Maneuver before Midnight

January 16, 1991

France's attempt to link a Middle East peace conference with an Iraqi withdrawal from Kuwait, even as the clock ticked toward the midnight war deadline, exposed a troublesome vulnerability in the U.S. diplomatic position. The French maneuver was taken unilaterally, much to the irritation of Washington, London and, perhaps, Moscow. It could give Saddam Hussein a chance to pose as a hero of Islam willing to "sacrifice" his claims to Kuwait in the interest of forcing the Israeli-Arab conflict to the forefront of the international agenda.

As this is written, the Iraqi dictator has rebuffed even this opportunity. But until President Bush gives the order to attack (which could come at any time, even before the delivery of this newspaper), there is still a chance he could opt for what U.S. policy-makers admit is a "nightmare scenario."

Not "nightmare" in the sense of the carnage war would bring. But "nightmare" in the sense of confounding the U.S. position that Mr. Hussein must get no rewards, no concessions, no face-saving for his rape of Kuwait. It could be difficult for Mr. Bush to press the war button if Mr. Hussein at the last-minute embraces the French formula and announces at least a partial pullout. He could then claim he has established the "linkage" between the Israeli and Kuwaiti questions that the United States has refused to countenance.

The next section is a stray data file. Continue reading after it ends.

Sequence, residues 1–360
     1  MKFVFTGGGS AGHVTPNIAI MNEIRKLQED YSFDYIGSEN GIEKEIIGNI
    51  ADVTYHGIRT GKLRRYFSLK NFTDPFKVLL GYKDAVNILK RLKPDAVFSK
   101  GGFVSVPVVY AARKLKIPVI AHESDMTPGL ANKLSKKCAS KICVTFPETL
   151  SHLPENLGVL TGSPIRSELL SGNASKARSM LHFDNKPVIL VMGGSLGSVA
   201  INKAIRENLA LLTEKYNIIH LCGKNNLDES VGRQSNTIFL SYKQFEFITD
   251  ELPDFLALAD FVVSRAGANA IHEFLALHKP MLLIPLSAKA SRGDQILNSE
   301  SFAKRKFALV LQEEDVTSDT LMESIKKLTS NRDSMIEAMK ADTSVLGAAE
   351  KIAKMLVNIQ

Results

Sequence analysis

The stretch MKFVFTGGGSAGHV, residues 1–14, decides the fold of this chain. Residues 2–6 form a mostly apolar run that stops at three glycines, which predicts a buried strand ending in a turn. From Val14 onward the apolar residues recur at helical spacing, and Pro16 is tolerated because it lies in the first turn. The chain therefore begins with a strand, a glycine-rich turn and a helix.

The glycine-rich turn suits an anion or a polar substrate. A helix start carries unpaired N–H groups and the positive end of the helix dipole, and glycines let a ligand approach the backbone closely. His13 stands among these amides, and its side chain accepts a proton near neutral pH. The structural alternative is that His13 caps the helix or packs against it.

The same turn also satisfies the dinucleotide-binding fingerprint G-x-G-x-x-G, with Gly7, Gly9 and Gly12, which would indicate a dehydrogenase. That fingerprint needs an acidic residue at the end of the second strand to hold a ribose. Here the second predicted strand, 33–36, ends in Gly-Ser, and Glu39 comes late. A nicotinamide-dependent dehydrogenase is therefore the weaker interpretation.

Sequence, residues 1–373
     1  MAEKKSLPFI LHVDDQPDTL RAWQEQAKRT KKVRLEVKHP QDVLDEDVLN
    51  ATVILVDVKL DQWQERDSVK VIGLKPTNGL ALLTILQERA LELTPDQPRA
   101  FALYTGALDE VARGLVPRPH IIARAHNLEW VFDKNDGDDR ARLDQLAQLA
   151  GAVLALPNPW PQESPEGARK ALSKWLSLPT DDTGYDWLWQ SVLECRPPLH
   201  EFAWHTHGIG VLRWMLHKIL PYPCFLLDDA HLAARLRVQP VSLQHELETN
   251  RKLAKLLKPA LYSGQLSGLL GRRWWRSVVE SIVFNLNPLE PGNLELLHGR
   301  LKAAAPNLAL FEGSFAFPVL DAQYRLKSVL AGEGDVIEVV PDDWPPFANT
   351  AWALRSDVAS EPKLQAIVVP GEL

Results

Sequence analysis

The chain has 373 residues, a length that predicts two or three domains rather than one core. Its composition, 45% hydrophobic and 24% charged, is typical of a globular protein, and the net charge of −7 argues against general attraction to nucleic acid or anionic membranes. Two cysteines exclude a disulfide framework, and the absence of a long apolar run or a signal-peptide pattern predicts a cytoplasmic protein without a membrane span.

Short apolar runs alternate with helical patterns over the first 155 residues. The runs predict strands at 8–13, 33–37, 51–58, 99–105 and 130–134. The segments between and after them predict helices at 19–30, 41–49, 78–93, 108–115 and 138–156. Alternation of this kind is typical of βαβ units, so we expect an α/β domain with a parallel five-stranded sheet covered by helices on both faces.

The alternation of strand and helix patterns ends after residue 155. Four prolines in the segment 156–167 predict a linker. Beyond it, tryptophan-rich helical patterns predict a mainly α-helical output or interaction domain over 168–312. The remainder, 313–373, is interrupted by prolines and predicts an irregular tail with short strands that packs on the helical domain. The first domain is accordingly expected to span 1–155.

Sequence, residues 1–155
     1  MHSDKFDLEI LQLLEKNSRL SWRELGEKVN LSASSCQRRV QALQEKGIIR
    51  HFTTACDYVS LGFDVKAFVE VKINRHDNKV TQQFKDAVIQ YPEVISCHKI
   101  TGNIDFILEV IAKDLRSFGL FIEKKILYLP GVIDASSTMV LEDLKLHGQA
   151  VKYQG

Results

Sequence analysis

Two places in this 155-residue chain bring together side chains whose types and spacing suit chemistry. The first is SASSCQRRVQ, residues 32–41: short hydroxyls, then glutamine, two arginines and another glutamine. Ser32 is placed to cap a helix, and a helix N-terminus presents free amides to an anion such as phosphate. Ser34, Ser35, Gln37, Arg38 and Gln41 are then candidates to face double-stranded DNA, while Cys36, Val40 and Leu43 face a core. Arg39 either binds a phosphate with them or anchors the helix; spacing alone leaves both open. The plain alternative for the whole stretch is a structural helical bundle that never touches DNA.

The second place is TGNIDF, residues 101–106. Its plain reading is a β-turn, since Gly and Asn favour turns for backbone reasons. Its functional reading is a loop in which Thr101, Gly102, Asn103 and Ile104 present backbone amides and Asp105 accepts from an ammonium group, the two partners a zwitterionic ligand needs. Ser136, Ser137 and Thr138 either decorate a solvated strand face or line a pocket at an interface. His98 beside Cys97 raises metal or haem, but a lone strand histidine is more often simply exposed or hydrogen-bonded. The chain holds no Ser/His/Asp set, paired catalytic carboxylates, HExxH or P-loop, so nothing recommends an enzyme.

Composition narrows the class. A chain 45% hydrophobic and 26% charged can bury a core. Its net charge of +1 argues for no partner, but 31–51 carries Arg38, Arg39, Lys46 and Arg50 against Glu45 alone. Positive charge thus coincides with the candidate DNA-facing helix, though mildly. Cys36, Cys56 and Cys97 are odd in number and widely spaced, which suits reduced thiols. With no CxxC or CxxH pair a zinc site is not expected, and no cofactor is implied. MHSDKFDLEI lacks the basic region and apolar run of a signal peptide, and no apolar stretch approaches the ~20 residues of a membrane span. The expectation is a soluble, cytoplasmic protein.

If Iraq remains adamant, inviting Armageddon, France would not have lost a thing through its gratuitous gesture. Instead, it would have established its ability to align Germany, Belgium and some other European countries behind a policy that is characteristically defiant of the United States. It would have pretended to the Arab world that it was the most sympathetic of any of the Western powers. And it thus would have set up France to play a bigger role in the Middle East whatever the outcome of the Iraqi crisis.

Since Napoleon's day, France has sought a preeminent role in the Muslim nations of North Africa and the Middle East. It grabbed Algeria as a colony, won a World War I mandate over Lebanon and Syria. It has long been Iraq's chief arms supplier (aside from the Soviet Union), selling the Baghdad regime sophisticated weapons worth $5 billion between 1980 and 1989 and lending it $4.6 billion over roughly the same period. Its 3 million Muslim residents make France both a bridge to the Islamic world and a nation endemically fearful of terrorism. France's vision of its future self includes full participation in a Middle East peace conference in accordance with what French President Francois Mitterrand calls the obligations of "one of the world's major powers."

Such a power, however, ought to ponder what its world will look like if international borders go up for grabs, if strong regional bullies can capture weaker neighbors, if the post-Cold War era is plagued by an unending series of crises and war.

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